By Sasha Nyary
Senior Symposium is Mount Holyoke College’s daylong intellectual showcase, where seniors present the findings of their research and independent projects.
Now in its 11th year, the 2017 Senior Symposium provides an opportunity for more than 100 seniors from across academic disciplines to discuss in depth the topics they’ve been exploring, in some cases for several years. This year’s event is slated for Friday, April 21. The day’s schedule can be found online.
“Senior Symposium is a magnificent day for the campus,” said Becky Wai-Ling Packard, professor of psychology and education and director of the Weissman Center for Leadership, which sponsors the event. “Our students conduct cutting-edge, creative research, and on this day, they present the results of their sustained engagement. The day is buzzing with ideas. It is thrilling to revel in that intellectual energy of our students — collectively and as individuals — and to glimpse the faculty mentoring that supports such endeavors.”
The event originated decades ago in the chemistry department, with seniors presenting their research. In 1975, students from all the natural sciences were invited to present, and in 2006, the newly named Senior Symposium expanded once more to include students conducting research in every discipline.
This year, 131 students will make 134 presentations — three students are presenting twice. Seventy-eight students will present work in the arts, humanities, languages and social sciences. Research in the natural sciences along with computer science and mathematics and statistics will be presented by 53 students.
Research and internship opportunities at Mount Holyoke are strongly encouraged and supported, and the results are stunningly demonstrated at the Senior Symposium. The presentation topics provide a window into the deep liberal arts offerings at the College, the breadth of expertise found among the faculty and the extraordinary diversity of the student body.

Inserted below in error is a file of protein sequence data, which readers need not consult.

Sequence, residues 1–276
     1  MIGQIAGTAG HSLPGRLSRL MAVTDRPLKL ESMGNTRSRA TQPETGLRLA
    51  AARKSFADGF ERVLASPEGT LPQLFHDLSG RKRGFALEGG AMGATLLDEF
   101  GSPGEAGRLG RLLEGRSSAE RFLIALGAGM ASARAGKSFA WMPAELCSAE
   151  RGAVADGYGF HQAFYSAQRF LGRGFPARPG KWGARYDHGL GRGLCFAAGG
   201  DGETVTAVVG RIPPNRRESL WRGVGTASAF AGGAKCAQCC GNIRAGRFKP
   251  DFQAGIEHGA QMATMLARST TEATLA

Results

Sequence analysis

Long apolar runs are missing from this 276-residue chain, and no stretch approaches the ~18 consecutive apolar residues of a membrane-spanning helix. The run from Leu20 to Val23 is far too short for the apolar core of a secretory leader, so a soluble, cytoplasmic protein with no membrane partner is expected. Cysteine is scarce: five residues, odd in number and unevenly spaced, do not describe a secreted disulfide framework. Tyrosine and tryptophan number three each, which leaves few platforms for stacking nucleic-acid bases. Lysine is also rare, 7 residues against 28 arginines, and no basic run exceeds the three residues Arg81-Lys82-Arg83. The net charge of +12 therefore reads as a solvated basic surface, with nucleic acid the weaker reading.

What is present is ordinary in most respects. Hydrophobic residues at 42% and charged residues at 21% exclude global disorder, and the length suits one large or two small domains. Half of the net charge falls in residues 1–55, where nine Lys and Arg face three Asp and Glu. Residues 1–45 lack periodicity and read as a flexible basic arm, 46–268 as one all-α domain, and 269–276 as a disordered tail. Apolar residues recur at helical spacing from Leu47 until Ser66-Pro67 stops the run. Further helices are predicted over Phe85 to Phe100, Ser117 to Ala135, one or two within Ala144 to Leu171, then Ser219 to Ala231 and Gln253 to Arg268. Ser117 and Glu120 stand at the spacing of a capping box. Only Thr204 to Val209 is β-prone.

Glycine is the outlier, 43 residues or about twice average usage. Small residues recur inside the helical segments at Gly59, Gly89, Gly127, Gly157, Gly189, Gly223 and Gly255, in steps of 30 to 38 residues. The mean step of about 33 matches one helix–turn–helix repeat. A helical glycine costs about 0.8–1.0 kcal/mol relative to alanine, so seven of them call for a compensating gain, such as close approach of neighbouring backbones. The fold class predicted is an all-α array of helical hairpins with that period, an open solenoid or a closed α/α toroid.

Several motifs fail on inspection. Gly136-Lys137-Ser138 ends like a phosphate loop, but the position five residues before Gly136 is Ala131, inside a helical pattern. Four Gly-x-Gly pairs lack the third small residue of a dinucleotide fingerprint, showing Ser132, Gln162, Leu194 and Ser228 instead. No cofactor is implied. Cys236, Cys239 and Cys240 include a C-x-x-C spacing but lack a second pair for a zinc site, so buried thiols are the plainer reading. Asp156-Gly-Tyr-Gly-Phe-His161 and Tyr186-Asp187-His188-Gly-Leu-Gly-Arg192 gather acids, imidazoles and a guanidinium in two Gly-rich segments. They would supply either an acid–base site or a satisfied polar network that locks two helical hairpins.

Rand Abu Al-Sha'r did her senior thesis with Michael Davis in architectural studies on the Zaatari refugee camp in Jordan. Bennett De Paula looked at the dental archaeology of Roman, Christian and Muslim inhabitants in Pollentia, Mallorca, with thesis advisor Stan Rachootin, professor of biological sciences. Julia Worcester worked with Catherine Corson in environmental studies to study community forests in Bhutan. Kristyn Carter will present her research on the image of the black superwoman, under the guidance of Lucas Wilson in Africana studies.
The College’s growing commitment to data science and computer science facilitates research such as that by Saadia Gabriel, who modeled swallow roosts using weather radar under the guidance of Daniel Sheldon in computer science. Jennifer Tasneem used the College’s newly upgraded electron microscope to study iron oxide nanocubes with advisor Himali Jayathilake in chemistry.
The environment of the College and the surrounding community lends itself to student research, such as Cheng-Yin Eng’s examination of maple trees on campus with Martha Hoopes in biological sciences. Karen Fernandez will present on teachers of English language learners in South Hadley public schools, with advisor Jennifer Wallace Jacoby, in psychology and education.
The day is divided into four sessions: 10:45 a.m., 12:45 p.m., 2 p.m. and 3:30 p.m., which will be held in classrooms and lecture halls in several locations: Clapp, Cleveland, Dwight, Gamble Auditorium in the Art Building, Kendade and Reese. The day begins and ends in the Marion Craig Potter ’49 Atrium in Kendade, with coffee served before the talks begin and a celebration and toast at 4:30 p.m.
Senior Symposium is supported in part by the Richard and Donna Taylor Endowment Fund, established by Jean Taylor ’66.
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